She’s Closing Up the Library

In honor of National Library Week — At a crucial point in “It’s a Wonderful Life,” George Bailey and angel Clarence Oddbody review how life

in Bedford Falls would be without Jimmy Stewart’s character.

Had George not saved his brother, Harry Bailey would not have saved the transport ship in World War II.

And Uncle Billy? Seems without employment at the Bailey Savings and Loan he would reside in the Bedford Falls State Hospital.

Sweet Ma Bailey would become a surly boardinghouse owner.

Poor pharmacist Mr. Gower would accidentally poison someone and spend his remaining years in the Bedford Falls Penitentiary.

And the slutty Violet Bix. We can’t talk about her lurid fate in mixed company.

This isn’t all. There’s something worse. Something much worse.

Oh, the humanity.

George Bailey shakes the angel and says “Where’s Mary? I’ve got to see Mary.” Clarence Oddbody says sternly, “You won’t like it, George.”

At this point in our yearly watching, my family turns apoplectic and hysterical.

The angel tells George, “She is closing up the library” and the camera switches to a scene of poor spinster Mary Hatch. The background music turns into something dire. I can’t remember, but for this purpose, let’s imagine that dark Toccata and Fugue in D minor by Bach. You know the one, used in “The Ghost and Mr. Chicken” as Don Knotts ghost-hunts in the old mansion.

Now we see frail, delicate Mary Hatch, afraid of her own shadow, donned in tiny wire-framed glasses, sensible shoes, severe hairdo.

Indeed, she’s closing the library.

Insert my family here, going bonkers. My husband is a research librarian at a university. It has not been a fate worse than death, as the film implies. Implies, no, insists!

Let’s turn this scenario on its head for a minute. Consider how “It’s a Wonderful Life” might have turned out differently if Mary became a librarian and married George. Seriously. It’s not so bad. Unlimited access to books and magazines and newspapers. Wire-framed glasses are cool. Didn’t John Lennon rock them? And the sensible shoes. Not a bad idea. I spent my twenties running up and down marble hallways in hospitals. I’m paying the price now, literally, with pricy Clark’s and Walking Cradle shoes (so worth it.) I cannot explain or defend the severe hairdo, but that’s personal preference. And she’s freaking Donna Reed, for corn’s sake, she is still incredibly beautiful.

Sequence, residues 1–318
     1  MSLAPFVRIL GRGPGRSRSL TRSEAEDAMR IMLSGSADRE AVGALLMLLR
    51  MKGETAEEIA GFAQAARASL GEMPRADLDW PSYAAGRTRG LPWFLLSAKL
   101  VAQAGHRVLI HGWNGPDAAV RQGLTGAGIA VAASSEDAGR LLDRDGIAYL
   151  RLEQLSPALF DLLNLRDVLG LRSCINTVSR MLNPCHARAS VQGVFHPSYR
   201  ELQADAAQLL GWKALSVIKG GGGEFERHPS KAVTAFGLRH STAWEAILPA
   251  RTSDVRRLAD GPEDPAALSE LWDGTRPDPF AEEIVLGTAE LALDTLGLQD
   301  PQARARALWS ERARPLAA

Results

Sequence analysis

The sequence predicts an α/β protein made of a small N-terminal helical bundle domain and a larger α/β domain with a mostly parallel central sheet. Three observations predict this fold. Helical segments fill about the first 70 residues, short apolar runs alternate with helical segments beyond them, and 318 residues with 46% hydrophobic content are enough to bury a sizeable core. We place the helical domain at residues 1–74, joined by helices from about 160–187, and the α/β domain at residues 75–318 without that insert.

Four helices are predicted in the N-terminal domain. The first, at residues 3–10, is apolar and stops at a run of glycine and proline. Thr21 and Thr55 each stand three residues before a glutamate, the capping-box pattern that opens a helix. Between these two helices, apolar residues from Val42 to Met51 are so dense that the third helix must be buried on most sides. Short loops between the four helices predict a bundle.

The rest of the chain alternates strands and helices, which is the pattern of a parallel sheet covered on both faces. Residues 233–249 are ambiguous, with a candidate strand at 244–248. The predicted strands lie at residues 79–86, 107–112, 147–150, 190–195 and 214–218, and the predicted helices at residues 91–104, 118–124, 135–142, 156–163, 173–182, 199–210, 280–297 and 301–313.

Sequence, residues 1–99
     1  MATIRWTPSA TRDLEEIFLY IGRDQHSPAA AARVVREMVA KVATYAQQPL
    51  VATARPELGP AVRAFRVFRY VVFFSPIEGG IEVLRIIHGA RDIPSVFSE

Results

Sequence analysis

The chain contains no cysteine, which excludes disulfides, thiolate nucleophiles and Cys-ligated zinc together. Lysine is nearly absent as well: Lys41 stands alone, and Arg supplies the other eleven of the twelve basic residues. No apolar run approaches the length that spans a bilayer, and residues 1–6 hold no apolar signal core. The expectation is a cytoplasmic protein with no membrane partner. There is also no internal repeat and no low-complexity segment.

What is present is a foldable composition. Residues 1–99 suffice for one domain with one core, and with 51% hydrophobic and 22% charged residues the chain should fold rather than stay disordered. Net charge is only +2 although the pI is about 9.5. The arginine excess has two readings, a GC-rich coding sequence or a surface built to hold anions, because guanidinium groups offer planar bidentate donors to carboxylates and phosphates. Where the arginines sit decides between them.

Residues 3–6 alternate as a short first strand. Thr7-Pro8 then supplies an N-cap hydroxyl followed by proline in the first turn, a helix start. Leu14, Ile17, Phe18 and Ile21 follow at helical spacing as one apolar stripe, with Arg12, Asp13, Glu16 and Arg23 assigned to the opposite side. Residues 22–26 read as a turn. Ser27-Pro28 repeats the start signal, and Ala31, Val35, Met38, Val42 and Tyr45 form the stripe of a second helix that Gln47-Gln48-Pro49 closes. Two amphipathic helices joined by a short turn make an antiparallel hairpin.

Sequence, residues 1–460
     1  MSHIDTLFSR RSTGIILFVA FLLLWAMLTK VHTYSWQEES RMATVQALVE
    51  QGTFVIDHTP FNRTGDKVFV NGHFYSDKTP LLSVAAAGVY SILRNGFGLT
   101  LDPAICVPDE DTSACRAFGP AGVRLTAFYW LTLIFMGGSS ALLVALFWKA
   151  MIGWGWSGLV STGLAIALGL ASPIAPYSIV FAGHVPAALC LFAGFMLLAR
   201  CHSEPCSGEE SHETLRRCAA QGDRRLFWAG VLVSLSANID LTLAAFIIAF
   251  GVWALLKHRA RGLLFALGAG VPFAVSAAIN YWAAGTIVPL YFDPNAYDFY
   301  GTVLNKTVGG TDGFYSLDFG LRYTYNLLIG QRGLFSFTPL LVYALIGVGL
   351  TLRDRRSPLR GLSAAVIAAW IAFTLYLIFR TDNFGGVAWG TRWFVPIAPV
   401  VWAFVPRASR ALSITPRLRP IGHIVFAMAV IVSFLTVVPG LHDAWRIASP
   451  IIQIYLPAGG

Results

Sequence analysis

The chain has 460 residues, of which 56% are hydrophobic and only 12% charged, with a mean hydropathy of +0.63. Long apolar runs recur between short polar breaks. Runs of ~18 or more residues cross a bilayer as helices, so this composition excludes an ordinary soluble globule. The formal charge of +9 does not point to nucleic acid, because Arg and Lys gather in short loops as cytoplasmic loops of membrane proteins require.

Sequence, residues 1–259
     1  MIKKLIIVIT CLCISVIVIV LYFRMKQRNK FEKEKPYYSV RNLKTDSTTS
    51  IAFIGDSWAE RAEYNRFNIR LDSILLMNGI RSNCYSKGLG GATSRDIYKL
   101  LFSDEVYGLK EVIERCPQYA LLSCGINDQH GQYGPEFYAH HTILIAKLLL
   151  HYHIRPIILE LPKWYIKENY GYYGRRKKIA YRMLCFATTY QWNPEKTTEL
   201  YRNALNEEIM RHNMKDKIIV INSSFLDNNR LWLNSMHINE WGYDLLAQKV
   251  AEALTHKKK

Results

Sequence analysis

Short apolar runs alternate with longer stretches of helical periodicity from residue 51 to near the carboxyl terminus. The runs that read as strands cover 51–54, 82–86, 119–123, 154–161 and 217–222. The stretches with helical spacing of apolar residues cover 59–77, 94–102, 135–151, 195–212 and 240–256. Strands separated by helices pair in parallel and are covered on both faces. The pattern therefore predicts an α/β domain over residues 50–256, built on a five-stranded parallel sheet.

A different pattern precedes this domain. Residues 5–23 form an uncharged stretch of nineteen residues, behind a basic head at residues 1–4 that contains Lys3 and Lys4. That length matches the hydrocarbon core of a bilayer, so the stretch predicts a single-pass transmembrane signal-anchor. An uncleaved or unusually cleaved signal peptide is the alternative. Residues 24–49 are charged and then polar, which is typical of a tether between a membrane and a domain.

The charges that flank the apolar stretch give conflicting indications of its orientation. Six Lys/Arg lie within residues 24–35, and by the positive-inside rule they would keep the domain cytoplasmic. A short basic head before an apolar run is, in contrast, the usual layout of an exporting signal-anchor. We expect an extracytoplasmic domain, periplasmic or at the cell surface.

Those are the basics about her appearance. Let’s get down to more important things, feminist things. Yes, it was the 1930s, but if Mary had a regular paycheck from the library, the Bailey’s financial situation might be  stable. Most libraries in that era were endowed by the Carnegie Foundation. City government paid salaries. Maybe the Bailey’s could have fixed the knob on that pathetic stairway banister.

Ma Bailey could babysit the kids while Mary is at work. George could go to the library and get a book on home repair and fix up that blasted old house. With two incomes, maybe they wouldn’t have had to start married life in that leaky, rat trap. Had George not felt so pressured, he might have taken the old suitcase out of the attic and taken Mary to Europe. Perhaps travel with their rich friends. Hee Haw.

Beautiful Donna Reed could have earned a university degree and become a faculty librarian at Bedford Falls State University. Then the kids would get free tuition.

Of course, that’s not Frank Capra’s reality in this film. George rushes to Mary’s side, and she is horrified and assumes carnal intentions. George runs back across the bridge and realizes he did indeed “have a wonderful life.”

It’s a great film, a classic story, and I love it just like everyone else does.

For a moment, however, imagine if the story were told in reverse. I’m going to go make a flaming rum punch and contemplate this development.

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